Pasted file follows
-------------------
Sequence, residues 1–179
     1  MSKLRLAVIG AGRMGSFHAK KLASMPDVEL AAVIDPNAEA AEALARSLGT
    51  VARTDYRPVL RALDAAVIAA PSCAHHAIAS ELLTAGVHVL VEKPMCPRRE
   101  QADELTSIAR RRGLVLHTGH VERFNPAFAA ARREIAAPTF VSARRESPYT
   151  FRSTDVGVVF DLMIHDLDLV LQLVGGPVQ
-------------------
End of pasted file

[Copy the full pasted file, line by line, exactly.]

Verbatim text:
Sequence, residues 1–179
     1  MSKLRLAVIG AGRMGSFHAK KLASMPDVEL AAVIDPNAEA AEALARSLGT
    51  VARTDYRPVL RALDAAVIAA PSCAHHAIAS ELLTAGVHVL VEKPMCPRRE
   101  QADELTSIAR RRGLVLHTGH VERFNPAFAA ARREIAAPTF VSARRESPYT
   151  FRSTDVGVVF DLMIHDLDLV LQLVGGPVQ